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Knowledgebase: Data processing
What are the primary data products that the Spitzer Science Center generated? What is a BCD? What is a post-BCD product?
Posted by z-Schuyler Van Dyk on 02 December 2008 11:45 AM

In general, the eight Spitzer Science Center (SSC) data processing pipelines convert spacecraft engineering data into scientifically useful data. Raw data (engineering and science) were received at the ground tracking stations via telemetry and forwarded to the Spitzer Flight Operations Center at the Jet Propulsion Laboratory in Pasadena. The Flight Operations System at JPL received telemetry packets from the Spitzer spacecraft and repackaged them into FITS files containing sensor data, expressed in DN (data number) units. Instrument engineering and housekeeping data were also transferred to the SSC from the Flight Operations System. The archived raw data represent rationally organized, time-ordered data and include associated Observatory pointing data and calibration observations.

Basic Calibrated Data (BCD) are two-dimensional images in FITS format, and correspond to individual 'data collection events (DCEs)' within an observation. An image is flux and/or wavelength (if appropriate) calibrated, and surface brightness measurements are expressed in physical units. In addition, flat-fielding and cosmetic restoration (e.g., cosmic-ray removal) algorithms are applied to the BCD. Spatial 'world' coordinates are derived from Observatory pointing information only. The BCDs represent the most reliable product achievable through automated processing.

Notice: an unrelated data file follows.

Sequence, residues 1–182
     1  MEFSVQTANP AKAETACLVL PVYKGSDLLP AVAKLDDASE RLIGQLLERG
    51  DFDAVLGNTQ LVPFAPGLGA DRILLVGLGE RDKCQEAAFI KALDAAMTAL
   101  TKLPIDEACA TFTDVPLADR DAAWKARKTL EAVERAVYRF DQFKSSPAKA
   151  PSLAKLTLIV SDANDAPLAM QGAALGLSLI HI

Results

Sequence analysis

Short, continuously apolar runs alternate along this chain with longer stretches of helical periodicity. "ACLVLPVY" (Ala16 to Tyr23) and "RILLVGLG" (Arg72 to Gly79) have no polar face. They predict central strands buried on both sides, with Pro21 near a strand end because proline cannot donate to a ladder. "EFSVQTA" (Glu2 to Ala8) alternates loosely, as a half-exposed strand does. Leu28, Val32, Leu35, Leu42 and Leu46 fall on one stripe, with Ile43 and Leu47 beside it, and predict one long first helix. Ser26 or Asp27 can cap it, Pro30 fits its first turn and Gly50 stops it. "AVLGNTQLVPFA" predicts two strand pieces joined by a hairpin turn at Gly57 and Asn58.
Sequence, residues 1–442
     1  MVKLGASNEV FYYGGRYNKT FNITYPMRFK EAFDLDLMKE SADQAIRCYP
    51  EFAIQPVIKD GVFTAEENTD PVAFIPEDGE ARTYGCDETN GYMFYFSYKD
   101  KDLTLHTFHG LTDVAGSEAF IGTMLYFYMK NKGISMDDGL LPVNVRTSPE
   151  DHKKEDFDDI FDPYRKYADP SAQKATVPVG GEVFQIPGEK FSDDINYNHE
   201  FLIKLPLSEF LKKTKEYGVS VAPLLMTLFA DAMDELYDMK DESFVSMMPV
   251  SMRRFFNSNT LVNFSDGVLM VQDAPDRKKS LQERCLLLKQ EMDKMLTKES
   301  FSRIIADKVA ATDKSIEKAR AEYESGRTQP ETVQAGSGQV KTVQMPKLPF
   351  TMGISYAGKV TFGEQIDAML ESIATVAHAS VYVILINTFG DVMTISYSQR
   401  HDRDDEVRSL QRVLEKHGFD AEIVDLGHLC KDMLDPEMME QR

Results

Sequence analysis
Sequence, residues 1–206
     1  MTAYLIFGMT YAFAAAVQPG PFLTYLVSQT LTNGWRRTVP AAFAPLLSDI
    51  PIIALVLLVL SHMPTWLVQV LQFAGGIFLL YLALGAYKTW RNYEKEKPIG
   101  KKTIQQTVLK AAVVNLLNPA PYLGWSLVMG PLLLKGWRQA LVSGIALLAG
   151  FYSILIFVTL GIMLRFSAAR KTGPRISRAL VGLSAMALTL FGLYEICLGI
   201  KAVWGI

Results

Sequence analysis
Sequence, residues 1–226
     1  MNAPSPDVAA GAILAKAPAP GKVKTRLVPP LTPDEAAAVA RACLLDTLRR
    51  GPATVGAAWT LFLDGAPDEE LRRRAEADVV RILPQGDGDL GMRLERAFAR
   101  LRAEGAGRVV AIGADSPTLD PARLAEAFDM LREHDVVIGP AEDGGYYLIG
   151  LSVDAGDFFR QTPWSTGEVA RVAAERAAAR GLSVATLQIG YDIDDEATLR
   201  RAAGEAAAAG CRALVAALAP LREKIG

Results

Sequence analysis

Extended pipeline products (also referred to as Post-BCD products, previously referred to as Browse Quality Data) are also available. Higher-level imaging products that include co-addition, mosaicing, and source extraction are available.

The description of SSC data products depends on the science instrument and observing mode. High-level descriptions of BCDs for each of the observing modes are available in the Spitzer Observer's Manual, and details appear in the corresponding Instrument Handbook (IRAC, IRS, MIPS).

The SSC provided routine calibrations for each of the observing modes. These data entered the Spitzer public archive immediately upon processing and verification (unless a proprietary observation embargoed the release of the data). The investigator was able to propose to undertake special calibrations. For Legacy Science projects, these special calibration data also entered the public archive immediately upon processing and verification.